Background: A cholesteatoma is a non-neoplastic epithelial lesion that contains layers of keratin in a cavity lined by keratinizing squamous epithelium and subepithelial connective tissue. Although benign, it can cause serious complications by eroding nearby structures or precipitating infection. Surgical removal of the lesion is considered the only effective medical therapy. There are several theories on the etiopathogenesis of acquired cholesteatoma, including one based on the premise that a squamous pouch is drawn inward by traction exerted by the interaction of opposing ciliated epithelial surfaces of middle ear mucosa on the medial surface of the tympanic membrane and the lateral surface of the ossicles.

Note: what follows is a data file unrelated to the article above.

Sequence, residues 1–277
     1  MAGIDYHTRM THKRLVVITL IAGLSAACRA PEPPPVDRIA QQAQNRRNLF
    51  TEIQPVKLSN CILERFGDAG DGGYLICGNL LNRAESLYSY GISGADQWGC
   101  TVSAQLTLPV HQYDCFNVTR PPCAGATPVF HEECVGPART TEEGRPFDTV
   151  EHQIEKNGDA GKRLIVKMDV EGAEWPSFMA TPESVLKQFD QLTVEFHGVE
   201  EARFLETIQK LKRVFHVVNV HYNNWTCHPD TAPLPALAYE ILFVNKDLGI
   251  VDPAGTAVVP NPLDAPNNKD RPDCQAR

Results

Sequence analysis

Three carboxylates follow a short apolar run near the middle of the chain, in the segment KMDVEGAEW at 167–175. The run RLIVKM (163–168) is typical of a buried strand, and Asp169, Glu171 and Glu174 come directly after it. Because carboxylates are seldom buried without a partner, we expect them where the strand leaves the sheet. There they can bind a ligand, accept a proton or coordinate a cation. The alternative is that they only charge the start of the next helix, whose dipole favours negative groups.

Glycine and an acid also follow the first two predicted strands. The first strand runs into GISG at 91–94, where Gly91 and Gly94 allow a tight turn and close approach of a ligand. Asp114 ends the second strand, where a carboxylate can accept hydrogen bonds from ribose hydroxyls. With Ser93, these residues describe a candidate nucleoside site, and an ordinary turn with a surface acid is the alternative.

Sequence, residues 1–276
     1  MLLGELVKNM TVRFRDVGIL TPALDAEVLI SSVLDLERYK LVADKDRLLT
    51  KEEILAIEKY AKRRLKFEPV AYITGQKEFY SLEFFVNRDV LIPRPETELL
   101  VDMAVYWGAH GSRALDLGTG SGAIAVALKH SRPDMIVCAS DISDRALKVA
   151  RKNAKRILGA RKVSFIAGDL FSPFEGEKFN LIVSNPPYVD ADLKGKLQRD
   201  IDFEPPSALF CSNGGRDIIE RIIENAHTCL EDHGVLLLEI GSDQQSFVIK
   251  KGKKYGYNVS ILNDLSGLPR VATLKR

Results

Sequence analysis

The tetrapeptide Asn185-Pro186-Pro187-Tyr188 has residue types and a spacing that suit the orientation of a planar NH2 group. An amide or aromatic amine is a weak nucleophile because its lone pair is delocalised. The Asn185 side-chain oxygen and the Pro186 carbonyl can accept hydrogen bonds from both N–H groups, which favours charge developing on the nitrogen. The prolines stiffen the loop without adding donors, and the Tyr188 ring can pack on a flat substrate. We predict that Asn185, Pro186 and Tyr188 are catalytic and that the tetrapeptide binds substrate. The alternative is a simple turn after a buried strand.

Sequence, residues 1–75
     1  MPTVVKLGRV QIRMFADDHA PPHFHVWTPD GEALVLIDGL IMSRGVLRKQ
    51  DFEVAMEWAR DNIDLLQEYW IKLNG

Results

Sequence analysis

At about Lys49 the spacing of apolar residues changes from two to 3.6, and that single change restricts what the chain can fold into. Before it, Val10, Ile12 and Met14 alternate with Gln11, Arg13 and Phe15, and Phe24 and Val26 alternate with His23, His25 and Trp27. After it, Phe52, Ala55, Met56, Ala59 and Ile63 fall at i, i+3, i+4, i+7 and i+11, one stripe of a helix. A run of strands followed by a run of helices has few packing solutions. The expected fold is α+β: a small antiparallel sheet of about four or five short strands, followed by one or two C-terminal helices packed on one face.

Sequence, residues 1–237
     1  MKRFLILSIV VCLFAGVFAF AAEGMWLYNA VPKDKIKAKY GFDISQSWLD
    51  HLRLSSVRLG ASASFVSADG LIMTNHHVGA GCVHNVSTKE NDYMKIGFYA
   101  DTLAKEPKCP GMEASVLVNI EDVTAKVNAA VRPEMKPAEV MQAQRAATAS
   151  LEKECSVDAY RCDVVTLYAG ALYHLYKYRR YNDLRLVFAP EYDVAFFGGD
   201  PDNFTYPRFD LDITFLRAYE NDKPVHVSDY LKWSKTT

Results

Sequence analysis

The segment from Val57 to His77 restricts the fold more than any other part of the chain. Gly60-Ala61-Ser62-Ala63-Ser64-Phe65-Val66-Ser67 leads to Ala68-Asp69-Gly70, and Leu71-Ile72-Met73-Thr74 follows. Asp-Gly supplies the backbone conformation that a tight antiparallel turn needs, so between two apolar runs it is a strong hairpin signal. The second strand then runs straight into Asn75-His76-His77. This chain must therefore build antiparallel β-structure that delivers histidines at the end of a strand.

Study design: Comparative study of 73 human temporal bones.
Setting: Otopathology Laboratory in the Department of Otolaryngology, University of Minnesota, Minneapolis.